by Phil Baker,
A few years ago while conducting employment seminars I handed out a survey to an audience of over two hundred job seekers. One question queried the purpose of cover letters. One hundred thirty-two people, well over half, answered that the purpose in effect was to send a resume. That thinking can be off the mark and lead to a cover letter that does little more than announce a resume. When I am reviewing them, the results of that survey are substantiated by what I see.
Most job hunters believe their resumes will do all the work to get them the interview. They send cover letters along that are not just woefully adequate, they are failures. They do nothing more than state interest in the position and notify the employer that a resume is attached or enclosed. The majority of those candidates that do include additional information go on about how great they are, talk about their skills, provide irrelevant information, and plead for interview consideration.
A Cover Letter is Not for Sending a Resume; A Resume is for Sending a Cover Letter
Businesses, direct marketing companies, advertising agencies and sales people all work their tails off and pay billions of dollars annually to get their messages in front of their potential customers. They spend amounts equal to or more than the budgets of small countries to advertise on Google pay per click campaigns just to get people to come to their websites even for a few seconds.
As a job hunter, you have a golden opportunity. You are the product and your potential customer is begging to see your message. Your potential customers are potential employers. They are your prospects. When you send your documents, your message, you will have what businesses pay dearly for; your prospect’s undivided attention. Because so much is at stake when you are job hunting, and because your resume is an opportunity to send a connect letter, you need to use the principles of marketing and take full advantage of this fortune.
When employers post a job opening on their bulletin boards, their websites, or advertise a position, they are shouting for help. The fact that they want resumes is your opportunity to get your message in front of them. This is your opportunity to make a connection. If I had the power to transform the world of job hunting, one thing I would do is change the name to connect letters. A resume is the opportunity to send a connect letter. The right one will get you an interview without a resume. I have written quite a few letters for job hunters in response to job postings that have got interviews without any resume enclosed, attached, or submitted!
Requests for resumes are opportunities to send marketing pieces; cover letters that follow the AIDA (Attention-Interest-Desire-Action) principle of marketing. Again you are already over the attention hurdle, now the writing must create interest, instill desire, and cause action. You can do this by using enthusiastic language and making a connection with the reader. Let them know how you have been using the very skills they are seeking.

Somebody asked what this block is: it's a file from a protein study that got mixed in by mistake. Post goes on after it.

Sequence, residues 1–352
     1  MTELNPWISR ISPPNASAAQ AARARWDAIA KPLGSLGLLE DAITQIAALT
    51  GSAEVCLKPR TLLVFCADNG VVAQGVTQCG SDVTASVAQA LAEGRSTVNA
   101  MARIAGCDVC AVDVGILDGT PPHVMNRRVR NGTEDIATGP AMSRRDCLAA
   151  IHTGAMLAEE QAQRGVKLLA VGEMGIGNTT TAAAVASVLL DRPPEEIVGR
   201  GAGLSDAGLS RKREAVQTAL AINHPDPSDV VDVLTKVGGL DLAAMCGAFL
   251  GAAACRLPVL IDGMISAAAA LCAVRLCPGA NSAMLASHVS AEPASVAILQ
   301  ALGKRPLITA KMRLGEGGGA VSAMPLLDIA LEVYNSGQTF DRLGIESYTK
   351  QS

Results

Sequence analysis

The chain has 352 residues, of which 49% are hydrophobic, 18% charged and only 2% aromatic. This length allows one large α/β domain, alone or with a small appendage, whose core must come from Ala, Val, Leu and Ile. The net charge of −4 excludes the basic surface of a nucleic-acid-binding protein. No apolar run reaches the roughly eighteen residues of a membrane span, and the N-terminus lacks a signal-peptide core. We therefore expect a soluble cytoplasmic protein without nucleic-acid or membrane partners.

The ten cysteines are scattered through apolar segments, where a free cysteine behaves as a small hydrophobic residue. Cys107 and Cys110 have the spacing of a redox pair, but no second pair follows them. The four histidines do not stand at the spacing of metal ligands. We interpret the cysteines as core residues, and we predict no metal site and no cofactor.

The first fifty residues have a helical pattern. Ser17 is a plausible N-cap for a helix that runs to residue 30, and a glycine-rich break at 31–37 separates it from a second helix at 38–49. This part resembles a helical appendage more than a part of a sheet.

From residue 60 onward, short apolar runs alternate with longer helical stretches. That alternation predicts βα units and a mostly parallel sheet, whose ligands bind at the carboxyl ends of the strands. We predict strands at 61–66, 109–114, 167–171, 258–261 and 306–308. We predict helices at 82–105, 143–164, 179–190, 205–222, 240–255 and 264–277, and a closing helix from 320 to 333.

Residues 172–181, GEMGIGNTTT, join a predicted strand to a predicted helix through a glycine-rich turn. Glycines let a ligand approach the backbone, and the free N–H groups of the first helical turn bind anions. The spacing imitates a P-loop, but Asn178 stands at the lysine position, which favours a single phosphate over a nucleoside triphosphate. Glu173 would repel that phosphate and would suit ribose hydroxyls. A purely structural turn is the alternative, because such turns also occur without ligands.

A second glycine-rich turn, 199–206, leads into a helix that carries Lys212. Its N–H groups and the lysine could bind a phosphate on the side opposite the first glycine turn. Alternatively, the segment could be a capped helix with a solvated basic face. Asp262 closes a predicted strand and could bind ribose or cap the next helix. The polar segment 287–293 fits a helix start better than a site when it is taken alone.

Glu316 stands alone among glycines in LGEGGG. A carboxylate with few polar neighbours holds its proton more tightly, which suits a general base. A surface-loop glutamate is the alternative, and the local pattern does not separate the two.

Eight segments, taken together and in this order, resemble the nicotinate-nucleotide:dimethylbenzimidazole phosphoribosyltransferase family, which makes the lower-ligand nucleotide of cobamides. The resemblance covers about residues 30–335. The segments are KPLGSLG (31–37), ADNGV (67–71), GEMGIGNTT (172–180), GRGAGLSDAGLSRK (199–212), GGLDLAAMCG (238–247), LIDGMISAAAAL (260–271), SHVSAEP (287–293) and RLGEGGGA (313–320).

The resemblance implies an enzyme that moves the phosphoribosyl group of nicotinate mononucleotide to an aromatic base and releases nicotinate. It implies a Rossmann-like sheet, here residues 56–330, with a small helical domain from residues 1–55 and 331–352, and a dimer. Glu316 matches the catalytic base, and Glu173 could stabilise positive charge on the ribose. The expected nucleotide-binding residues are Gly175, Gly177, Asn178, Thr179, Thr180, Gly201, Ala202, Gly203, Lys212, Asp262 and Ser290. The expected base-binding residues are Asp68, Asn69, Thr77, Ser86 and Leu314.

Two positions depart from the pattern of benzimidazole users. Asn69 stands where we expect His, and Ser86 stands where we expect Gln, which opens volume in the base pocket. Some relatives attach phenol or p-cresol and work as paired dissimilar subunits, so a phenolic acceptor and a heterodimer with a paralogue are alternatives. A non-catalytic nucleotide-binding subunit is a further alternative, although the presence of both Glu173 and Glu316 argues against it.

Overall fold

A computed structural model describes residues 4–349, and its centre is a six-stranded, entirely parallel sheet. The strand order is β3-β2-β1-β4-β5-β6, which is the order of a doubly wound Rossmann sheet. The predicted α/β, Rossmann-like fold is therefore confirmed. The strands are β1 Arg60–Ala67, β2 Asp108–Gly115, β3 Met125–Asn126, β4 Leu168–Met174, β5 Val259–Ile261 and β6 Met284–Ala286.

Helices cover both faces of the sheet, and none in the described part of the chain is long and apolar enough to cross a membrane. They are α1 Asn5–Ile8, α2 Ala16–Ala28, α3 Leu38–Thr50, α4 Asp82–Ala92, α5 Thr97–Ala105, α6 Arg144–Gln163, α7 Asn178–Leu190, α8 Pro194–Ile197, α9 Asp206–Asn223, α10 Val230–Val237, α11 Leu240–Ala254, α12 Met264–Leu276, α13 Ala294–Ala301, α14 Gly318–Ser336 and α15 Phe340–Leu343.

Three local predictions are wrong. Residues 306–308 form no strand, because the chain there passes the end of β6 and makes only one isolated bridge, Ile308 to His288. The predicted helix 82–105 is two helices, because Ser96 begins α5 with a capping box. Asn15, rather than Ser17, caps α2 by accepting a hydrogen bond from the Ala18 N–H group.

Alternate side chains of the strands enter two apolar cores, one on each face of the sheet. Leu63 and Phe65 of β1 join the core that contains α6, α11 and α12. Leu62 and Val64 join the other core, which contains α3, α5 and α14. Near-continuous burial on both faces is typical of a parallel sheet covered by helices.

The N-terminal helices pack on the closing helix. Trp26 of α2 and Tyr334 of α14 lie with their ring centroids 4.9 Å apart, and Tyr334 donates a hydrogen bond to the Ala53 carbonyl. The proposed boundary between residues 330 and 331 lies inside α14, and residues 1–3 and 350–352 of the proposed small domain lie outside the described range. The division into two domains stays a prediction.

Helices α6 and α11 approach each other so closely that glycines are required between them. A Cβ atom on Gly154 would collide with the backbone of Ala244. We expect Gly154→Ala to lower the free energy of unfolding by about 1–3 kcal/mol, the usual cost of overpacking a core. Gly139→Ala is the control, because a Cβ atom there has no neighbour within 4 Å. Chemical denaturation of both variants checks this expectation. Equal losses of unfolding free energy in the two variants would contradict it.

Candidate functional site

Tell Stories with Your Cover Letters
A brief story (seven sentences or less) about how you have gone above and beyond the call of duty and exhibited a skill the employer is seeking, how you have been inspired to excel at a relevant skill, or how you have been recognized for that skill, can make a connection with an employer. If you are having difficulty writing then create a rough draft for your eyes only version of your story first. Don’t be concerned with the length because you can condense your work later.
Make Connections with Your Cover Letters
Think about an advertisement or television commercial that somehow connected with you. What was the connection? Most often the commercial makes a personal connection with a similar situation you have experienced and invokes a similar emotion. A person reading cover letters is screening resumes and often bored to tears. They are looking for that one document that reaches out and says here is an extraordinary person. They want to interview people who will impress them and possibly their supervisor. You can do this with cover letters. You can even tell a story about what made your last employer hire you. (If you do not know the main reasons your previous employers hired you make a point of finding out.)
Your cover letters can have great influence in getting you interviews. Unless you are a professional advertising and marketing copywriter, or you are willing to invest the time to learn their tried and true techniques and tactics, hire one to write for you or invest in professionally written cover letters that can be customized for your situation. Copyright 2010 by Phil Baker “The Hire Authority.”
Hyoâ€™s Note â€“ Not only is Phil the creator of the OneClick Cover Letter Creator SoftwareÂ ProgramÂ (a ridiculous easy to use, yet effective software that creates cover letters tailored to your needs) which you can visit here, or you can read my review of it here, but he also has a tremendous website, www.ResumeDictionary.com.Â Resume DictionaryÂ might just be the best, free resume resource site out there – jammed with great information and tips on getting your resume water tight and rocking.